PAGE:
Heidenhain's AZAN trichrome stain

From Wikipedia, the free encyclopedia
Jump to navigation Jump to search

Trichrome stains are staining methods in which three anionic dyes are used, in conjunction with either phosphomolybdic acid (PMA), phosphotungstic acid (PTA), or a mixture of these heteropolyacids. Probably the first trichrome method was that of Frank B Mallory, an American pathologist, first published in 1900.[1] Unfortunately, none of Mallory's publications (they go from 1891[2] to 1938[3]) provide any explanation of the rationales of either his trichrome or his phosphotungstic acid-haematoxylin (PTAH) method. Nobody knows why Mallory introduced heteropolyacids into microtechnique.

Mallory's trichrome method, using acid fuchsine followed by a solution containing PTA, orange G and aniline blue, provides dark red nuclei, orange erythrocytes, and blue collagen fibres, cartilage matrix and mucus.[4] In 1915, M. Heidenhain introduced azocarmine G in place of the acid fuchsine of Mallory's method. Heidenhain also introduced visually controlled destaining to provide for different colours in cell nuclei (dark red), collagen (blue) and a variety of colours in cytoplasm.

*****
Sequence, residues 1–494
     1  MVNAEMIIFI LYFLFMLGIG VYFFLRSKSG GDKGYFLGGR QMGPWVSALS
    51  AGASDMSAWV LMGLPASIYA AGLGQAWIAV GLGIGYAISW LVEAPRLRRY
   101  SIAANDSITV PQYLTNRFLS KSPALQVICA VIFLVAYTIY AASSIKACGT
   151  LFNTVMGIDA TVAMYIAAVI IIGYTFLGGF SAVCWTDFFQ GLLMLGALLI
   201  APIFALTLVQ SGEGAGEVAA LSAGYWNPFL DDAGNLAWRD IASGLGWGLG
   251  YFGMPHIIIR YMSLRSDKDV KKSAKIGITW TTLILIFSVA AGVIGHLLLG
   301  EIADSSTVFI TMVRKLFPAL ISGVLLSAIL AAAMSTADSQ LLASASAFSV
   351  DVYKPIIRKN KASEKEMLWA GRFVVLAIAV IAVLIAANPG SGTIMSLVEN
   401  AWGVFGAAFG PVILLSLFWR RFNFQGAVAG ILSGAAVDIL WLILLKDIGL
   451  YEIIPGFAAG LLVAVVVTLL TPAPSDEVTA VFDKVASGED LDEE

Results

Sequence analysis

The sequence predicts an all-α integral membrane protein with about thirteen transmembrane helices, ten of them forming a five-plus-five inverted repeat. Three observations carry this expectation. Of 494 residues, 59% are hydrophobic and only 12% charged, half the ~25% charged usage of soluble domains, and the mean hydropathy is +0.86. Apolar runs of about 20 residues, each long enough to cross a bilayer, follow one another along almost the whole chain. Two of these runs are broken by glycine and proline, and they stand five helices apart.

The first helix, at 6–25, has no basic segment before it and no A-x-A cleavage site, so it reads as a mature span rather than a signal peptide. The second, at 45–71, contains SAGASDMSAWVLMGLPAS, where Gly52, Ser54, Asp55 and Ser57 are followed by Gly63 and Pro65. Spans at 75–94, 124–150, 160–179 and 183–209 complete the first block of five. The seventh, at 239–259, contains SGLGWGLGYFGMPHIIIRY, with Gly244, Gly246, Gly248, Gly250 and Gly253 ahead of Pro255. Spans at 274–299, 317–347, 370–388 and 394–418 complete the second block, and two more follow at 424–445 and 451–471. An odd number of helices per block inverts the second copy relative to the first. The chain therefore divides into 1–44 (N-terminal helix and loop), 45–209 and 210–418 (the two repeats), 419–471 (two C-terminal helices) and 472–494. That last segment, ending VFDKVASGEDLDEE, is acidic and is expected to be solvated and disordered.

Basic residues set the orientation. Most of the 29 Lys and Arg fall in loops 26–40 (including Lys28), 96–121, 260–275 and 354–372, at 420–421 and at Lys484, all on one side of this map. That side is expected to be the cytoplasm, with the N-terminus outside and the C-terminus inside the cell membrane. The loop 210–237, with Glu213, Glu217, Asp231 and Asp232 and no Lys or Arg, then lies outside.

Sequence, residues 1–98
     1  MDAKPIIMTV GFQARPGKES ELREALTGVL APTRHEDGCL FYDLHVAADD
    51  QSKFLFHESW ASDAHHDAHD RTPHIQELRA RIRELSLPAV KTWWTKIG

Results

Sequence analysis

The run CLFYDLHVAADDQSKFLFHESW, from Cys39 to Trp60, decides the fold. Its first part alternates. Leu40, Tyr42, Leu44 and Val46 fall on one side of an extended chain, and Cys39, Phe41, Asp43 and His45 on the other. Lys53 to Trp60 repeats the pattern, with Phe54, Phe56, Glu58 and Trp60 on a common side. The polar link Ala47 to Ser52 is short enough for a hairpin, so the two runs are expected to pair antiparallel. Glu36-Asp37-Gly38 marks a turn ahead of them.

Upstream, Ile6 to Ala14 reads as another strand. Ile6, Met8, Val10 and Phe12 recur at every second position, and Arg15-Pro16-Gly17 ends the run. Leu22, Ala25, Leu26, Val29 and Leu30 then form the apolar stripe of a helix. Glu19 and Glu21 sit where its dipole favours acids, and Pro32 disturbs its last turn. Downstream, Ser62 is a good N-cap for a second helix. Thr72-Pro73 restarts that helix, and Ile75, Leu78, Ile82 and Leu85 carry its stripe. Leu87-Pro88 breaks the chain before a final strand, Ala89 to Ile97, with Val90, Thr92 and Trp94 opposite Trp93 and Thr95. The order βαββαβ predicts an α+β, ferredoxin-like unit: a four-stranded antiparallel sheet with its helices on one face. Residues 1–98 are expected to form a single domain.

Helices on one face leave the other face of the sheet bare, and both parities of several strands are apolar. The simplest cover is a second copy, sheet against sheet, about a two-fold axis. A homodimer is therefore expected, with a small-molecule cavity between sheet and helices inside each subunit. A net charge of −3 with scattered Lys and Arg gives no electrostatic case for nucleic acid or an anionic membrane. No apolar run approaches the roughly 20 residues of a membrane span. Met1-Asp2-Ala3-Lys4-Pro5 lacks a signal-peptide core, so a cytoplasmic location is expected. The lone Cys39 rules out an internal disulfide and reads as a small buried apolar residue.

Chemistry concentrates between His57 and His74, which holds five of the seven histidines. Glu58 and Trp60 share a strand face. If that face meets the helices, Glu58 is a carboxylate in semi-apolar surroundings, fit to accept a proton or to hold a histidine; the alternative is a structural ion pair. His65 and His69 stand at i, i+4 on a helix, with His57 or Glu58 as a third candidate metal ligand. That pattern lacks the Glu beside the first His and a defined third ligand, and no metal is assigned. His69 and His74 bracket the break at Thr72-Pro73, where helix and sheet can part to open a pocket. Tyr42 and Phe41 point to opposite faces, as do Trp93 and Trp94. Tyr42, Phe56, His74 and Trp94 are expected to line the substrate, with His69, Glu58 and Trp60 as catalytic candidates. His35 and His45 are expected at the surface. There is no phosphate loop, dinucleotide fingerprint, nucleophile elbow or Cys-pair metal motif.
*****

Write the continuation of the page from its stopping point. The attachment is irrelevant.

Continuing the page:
References[edit]

  1. ^ Mallory FB (1900) A contribution to staining methods. Journal of Experimental Medicine 5: 15-20.
  2. ^ Mallory FB (1891) Phospho-molybdic acid-haematoxylin. Anatomischer Anzeiger 6: 375-376.
  3. ^ Mallory FB (1938) Pathological Technique. New York: Hafner.
  4. ^ Kiernan JA (2008) Histological and Histochemical Methods. Theory and Practice. 4th ed. Bloxham, UK: Scion. ISBN 978-1-904842-42-2